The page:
Cracking the Code

A terrorist organisation known as the New World Ensemble for Rebellious Coders (NWERC) is a menace to our society. Fortunately, we have found a way to intercept their communications without them knowing it. There is a problem however, since their messages are encrypted.

What we do know from intelligence is that their messages consist of lowercase letters only, and that the encryption method is the Basic Alphabet Permutation Code (BAPC). In this code, every same letter is replaced with another (lowercase) letter from the alphabet (or possibly the same letter). Obviously, two different letters in the original message are still different after encryption, so that there is a unique decryption. So for example, “hello” might be encrypted as “ifmmp” or “holle”, but not as “cnoiz” or “bgrrb”.

Still, this leaves a lot of possibilities, and our efforts to break the code have been in vain so far. Fortunately, we had a stroke of luck: through an informant, we were able to get hold of a decrypted message $D$. We do not have the corresponding encrypted message, but we are fairly certain that it must be somewhere in a list of intercepted encrypted messages we have.

Your task is to write a program which, given the original message $D$ and a list of encrypted messages, works out which encrypted letter belongs to which decrypted letter (assuming that one of the encrypted messages corresponds to the original message), for as much as is possible.

This should then be used to decrypt a freshly intercepted encoded message $X$, as much as possible. Specifically, each letter of $X$ for which it can be determined with absolute certainty what it represents – either directly or deductively – should be decrypted. All other letters should be replaced by a question mark.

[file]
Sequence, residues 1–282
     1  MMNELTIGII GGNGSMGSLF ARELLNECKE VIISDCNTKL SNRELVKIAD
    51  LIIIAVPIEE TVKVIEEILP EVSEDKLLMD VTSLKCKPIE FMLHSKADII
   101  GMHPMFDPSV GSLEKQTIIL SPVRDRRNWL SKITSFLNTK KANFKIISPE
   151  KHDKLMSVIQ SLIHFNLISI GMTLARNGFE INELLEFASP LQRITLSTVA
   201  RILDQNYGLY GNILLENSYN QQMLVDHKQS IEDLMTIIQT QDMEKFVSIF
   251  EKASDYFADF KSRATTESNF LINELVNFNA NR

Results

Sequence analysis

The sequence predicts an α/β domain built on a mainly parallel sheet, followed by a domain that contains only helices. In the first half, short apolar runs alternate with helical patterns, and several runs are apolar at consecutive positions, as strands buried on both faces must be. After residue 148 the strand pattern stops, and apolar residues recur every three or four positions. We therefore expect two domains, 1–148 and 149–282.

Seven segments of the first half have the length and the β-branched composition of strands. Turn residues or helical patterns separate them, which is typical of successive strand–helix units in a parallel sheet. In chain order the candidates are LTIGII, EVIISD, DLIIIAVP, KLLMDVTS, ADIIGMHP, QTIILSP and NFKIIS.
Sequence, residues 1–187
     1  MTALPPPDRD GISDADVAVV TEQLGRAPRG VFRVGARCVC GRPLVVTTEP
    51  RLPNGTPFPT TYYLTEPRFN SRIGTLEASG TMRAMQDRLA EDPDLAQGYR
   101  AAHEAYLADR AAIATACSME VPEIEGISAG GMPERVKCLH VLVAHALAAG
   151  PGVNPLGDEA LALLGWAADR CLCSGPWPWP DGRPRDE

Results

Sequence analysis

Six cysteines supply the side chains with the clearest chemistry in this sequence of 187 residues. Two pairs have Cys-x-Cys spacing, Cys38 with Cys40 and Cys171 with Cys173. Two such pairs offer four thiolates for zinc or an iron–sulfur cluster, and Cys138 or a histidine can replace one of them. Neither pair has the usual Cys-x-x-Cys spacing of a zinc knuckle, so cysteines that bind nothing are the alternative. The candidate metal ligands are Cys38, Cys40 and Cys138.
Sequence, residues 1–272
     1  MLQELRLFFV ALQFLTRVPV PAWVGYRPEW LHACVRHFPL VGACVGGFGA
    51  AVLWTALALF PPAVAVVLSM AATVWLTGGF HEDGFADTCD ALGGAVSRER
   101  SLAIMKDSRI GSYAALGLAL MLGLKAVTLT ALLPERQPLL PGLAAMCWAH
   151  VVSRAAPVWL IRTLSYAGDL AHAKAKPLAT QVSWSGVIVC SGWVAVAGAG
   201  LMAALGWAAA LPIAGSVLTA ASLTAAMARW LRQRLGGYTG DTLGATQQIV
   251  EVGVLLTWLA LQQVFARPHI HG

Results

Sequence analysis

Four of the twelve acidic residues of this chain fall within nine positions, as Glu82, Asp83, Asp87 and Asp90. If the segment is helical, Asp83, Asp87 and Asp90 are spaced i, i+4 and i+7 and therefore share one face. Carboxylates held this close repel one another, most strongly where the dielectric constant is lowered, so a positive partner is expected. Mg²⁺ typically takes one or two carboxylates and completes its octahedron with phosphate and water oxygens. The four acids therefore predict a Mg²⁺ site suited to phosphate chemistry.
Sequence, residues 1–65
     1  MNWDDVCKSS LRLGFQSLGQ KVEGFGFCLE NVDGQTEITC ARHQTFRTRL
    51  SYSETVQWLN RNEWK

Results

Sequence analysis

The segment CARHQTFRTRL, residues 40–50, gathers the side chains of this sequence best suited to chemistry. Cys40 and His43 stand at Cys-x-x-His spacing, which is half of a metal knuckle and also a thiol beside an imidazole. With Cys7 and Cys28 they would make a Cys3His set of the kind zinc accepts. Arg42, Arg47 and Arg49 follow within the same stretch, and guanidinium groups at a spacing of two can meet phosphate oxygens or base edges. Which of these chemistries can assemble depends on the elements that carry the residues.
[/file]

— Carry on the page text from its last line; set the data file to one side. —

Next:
Note that, even when multiple messages can correspond to $D$, it may still be possible to decrypt certain letters (see for example the third test case in the sample input).


On the first line one positive number: the number of test cases, at most 100. After that per test case:

  • one line with a single integer $n$ ($1 \leq n \leq 100$): the number of encrypted messages.

  • $n$ lines with a single string $M_ i$: the encrypted messages.

  • one line with a single string $D$: the decrypted message, assumed to correspond to one of the encrypted messages.

  • one line with a single string $X$: the message to be decoded.

All strings consist of at least $1$ and at most $1\, 000$ lowercase letters.


Per test case:

  • one line with a single string $Y$. For each letter in $X$, the corresponding letter in $Y$ should be the decrypted counterpart, or a ‘?’ if it is unknown. If there is no encrypted message $M_ i$ that could possibly be the encrypted version of $D$, then the string should be “IMPOSSIBLE” instead.

Sample Input 1 Sample Output 1